(Guest Bloggers, Sasha Lieberman, Nonprofit Management Fellow and Carolyn Edelstein, Director of Policy and Global Partnerships, OpenBiome)
Mark Smith and James Burgess were inspired to found OpenBiome after a family friend who had suffered with repeated C. difficile infections shared his story of having to resort to performing a DIY fecal transplant at home. Since its founding in 2012, OpenBiome has been committed to enabling safe access to fecal microbiota transplantation (FMT) by providing rigorously screened, ready-to-use microbiota preparations for use in FMT and by catalyzing research into the human microbiome.
This year, OpenBiome launched PersonalBiome, a pilot service that allows individuals who are at risk of contracting C. diff to preserve a copy of their healthy microbiome. In the event that these individuals do end up experiencing recurrent C. diff infections, participants can retrieve their sample from their PersonalBiome bank to repopulate their gut with their own healthy microbial community. PersonalBiome pushes OpenBiome’s mission to provide safe microbiota treatments from its pool of universal stool donors forward by expanding the available options for repopulating the gut microbiome following a C. diff infection.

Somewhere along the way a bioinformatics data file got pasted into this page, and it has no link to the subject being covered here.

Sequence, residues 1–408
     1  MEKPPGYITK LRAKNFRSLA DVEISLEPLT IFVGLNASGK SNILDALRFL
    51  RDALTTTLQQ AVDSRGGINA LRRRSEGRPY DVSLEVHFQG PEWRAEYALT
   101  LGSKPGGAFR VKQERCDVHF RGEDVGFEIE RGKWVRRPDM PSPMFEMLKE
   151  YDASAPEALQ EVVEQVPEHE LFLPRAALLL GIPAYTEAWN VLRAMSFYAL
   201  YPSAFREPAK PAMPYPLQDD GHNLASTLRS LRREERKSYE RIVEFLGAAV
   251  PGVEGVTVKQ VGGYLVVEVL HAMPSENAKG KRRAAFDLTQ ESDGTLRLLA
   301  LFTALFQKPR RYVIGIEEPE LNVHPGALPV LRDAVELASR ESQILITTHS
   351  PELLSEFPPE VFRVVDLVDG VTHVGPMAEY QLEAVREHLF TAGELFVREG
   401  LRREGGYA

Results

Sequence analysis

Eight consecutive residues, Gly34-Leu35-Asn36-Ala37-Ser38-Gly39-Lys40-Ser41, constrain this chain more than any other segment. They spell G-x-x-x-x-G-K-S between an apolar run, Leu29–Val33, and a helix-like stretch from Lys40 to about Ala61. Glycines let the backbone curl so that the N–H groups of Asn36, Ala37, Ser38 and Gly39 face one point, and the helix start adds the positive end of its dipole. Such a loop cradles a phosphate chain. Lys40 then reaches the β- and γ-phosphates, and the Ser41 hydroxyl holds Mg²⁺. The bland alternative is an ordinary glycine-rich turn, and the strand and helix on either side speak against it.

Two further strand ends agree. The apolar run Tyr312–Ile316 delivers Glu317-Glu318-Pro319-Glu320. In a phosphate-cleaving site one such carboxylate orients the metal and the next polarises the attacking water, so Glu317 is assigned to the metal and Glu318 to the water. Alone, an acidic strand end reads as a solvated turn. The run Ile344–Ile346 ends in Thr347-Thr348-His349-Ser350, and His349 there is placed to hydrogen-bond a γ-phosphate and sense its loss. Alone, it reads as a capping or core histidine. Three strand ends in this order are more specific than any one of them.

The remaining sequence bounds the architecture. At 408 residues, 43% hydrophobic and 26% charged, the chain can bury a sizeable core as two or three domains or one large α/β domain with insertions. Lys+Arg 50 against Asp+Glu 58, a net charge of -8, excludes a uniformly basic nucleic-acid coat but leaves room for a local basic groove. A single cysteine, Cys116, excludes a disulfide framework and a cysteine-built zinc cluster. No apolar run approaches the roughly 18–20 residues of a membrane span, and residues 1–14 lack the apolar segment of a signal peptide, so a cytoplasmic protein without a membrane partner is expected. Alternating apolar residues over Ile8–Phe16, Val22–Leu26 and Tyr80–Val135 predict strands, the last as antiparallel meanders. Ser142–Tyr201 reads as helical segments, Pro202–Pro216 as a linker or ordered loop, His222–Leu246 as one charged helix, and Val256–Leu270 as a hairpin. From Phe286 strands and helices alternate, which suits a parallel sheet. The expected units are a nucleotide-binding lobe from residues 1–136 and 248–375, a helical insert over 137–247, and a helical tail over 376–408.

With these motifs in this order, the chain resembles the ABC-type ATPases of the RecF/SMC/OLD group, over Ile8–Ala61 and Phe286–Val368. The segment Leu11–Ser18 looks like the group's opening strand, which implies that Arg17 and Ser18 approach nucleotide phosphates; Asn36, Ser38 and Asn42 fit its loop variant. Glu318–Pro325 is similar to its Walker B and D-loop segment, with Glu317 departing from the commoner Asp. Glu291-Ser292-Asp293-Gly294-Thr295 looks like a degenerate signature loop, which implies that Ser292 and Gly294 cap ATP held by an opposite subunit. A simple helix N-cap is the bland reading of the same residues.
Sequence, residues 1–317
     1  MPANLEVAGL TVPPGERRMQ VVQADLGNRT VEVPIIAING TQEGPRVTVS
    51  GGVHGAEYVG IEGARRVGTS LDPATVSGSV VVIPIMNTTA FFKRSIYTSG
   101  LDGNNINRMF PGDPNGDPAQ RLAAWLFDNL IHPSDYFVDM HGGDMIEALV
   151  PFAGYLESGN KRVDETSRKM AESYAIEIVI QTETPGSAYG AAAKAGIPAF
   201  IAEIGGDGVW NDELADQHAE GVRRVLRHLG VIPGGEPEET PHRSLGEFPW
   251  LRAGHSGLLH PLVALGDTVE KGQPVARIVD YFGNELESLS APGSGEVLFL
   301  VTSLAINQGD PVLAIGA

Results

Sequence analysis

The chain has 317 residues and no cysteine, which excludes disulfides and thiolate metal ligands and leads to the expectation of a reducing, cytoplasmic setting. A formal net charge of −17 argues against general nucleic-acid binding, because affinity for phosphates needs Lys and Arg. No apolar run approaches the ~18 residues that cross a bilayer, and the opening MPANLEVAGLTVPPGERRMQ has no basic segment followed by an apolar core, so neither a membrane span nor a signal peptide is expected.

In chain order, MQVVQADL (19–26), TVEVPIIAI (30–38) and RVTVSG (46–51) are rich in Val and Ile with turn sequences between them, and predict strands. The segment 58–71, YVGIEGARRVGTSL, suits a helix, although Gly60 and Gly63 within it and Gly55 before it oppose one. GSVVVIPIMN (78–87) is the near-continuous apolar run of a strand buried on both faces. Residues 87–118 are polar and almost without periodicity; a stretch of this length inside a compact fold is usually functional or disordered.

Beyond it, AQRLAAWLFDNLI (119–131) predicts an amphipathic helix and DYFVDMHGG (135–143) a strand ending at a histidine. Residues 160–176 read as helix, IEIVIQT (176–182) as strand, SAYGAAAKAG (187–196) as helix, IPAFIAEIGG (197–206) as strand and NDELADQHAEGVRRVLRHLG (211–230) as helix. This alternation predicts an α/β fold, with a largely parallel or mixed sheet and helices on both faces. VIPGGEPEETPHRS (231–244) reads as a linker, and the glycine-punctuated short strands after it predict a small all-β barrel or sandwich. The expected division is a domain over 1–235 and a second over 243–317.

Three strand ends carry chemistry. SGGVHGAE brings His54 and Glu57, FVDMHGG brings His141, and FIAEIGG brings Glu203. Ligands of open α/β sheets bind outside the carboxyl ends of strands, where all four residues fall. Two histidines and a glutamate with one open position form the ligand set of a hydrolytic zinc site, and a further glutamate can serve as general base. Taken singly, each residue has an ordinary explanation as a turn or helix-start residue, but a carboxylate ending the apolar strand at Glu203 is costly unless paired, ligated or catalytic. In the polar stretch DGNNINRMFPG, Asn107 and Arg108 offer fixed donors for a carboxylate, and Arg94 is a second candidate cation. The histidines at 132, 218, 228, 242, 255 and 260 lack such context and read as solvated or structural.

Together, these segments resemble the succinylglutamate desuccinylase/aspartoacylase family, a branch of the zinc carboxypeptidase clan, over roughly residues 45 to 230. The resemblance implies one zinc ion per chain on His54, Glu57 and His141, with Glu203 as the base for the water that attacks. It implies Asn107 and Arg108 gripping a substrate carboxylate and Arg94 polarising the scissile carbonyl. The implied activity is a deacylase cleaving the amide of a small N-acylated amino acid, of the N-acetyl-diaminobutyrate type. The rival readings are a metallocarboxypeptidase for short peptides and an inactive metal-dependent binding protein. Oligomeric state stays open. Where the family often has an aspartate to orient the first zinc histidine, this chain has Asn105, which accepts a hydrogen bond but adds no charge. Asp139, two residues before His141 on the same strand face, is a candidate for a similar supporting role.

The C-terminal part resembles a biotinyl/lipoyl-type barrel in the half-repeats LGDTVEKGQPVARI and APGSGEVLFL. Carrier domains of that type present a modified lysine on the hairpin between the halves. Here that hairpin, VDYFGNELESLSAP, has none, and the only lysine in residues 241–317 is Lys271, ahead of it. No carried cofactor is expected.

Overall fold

In some ways, the service resembles that of private umbilical cord blood banking. A practice that began in the early 1990s, cord blood banking is now undertaken by a network of over 100 cord blood banks and transplant centers that have stored over 400,000 units of cord blood worldwide. The vast majority of banked cord blood is for use by unrelated donors, but private banks have arisen to give families the option of storing their own cord blood, a service that is most useful for those with family members who have a current or potential need for a stem cell transplant.
Current FDA regulations governing FMT only permit physicians to treat patients with FMT outside of a clinical trial, if the patient experiences repeated, unresolvable C. diff. These regulations apply equally to one’s own stool as well as stool from a universal bank. However, co-founder and executive director James Burgess, featured in this recent FastCompany article about the PersonalBiome pilot project, envisions a future in which high-risk patients can bank their microbiomes to help prevent and treat other microbiome-associated diseases.